Yesterday afternoon on Fox News, host Shepard Smith issued a stunning statement. In a chat with judicial analyst Andrew Napolitano, Smith took apart the revelations about Justice Department snooping into the communications of Fox News reporter James Rosen, a story broken by The Post.
The big news in the case came from a court affidavit in support of a search warrant for a Gmail account that, according to The Post article, belonged to Rosen. The purpose of the snooping was to investigate the alleged leaking of Stephen Kim, an official working at the State Department on arms control issues related to North Korea.
The feds, as it turns out, were interested in reviewing correspondence on a Gmail account used by Rosen. The targeting of that account was clear from the affidavit’s title: “APPLICATION FOR SEARCH WARRANT FOR E-MAIL ACCOUNT [REDACTED]@GMAIL.COM MAINTAINED ON COMPUTER SERVERS OPERATED BY GOOGLE, INC., HEADQUARTERED AT 1600 AMPHITHEATRE PARKWAY, MOUNTAIN VIEW, CA.” An attachment to the document specifies “ITEMS TO BE SEIZED” and focuses on the Gmail account.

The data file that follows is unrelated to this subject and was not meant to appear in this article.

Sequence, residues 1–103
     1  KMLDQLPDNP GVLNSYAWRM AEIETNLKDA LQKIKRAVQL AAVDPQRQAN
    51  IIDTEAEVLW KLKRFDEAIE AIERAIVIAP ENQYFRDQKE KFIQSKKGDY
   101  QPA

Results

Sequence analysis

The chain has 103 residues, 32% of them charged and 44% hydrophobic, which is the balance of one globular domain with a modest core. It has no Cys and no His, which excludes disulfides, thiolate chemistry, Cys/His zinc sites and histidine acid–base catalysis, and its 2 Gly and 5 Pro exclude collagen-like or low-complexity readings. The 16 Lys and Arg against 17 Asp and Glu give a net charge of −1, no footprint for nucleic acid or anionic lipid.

Yet on “Studio B,” Smith alleged a far broader and more disturbing federal reach: “They went into our computer servers at Fox News, went around our security, pulled things out, and didn’t tell us they’d done so.”
When asked about that contention, William Miller, spokesman for the U.S. Attorney’s Office for the District of Columbia, noted in a statement that the Justice Department is “not publicly identifying the news organization or the reporter involved in the Stephen Kim investigation. That information remains under seal.” That said, Miller noted:
The search warrant obtained from the court in this case was solely for a Gmail account – housed on Google’s servers – under an alias of the reporter that had previously been used to covertly communicate with Mr. Kim. No computer servers of any news organization were searched in this investigation.
Fox News hasn’t responded to an inquiry about Smith’s allegation. Though the network has a history of not responding to the Erik Wemple Blog, a clarification on air or to some other media reporter would help in this case, lest all of Smith’s loyal viewers come away thinking that the federal government essentially hacked its way into Fox News’s computer system. Then again, perhaps Fox News is content leaving such an impression.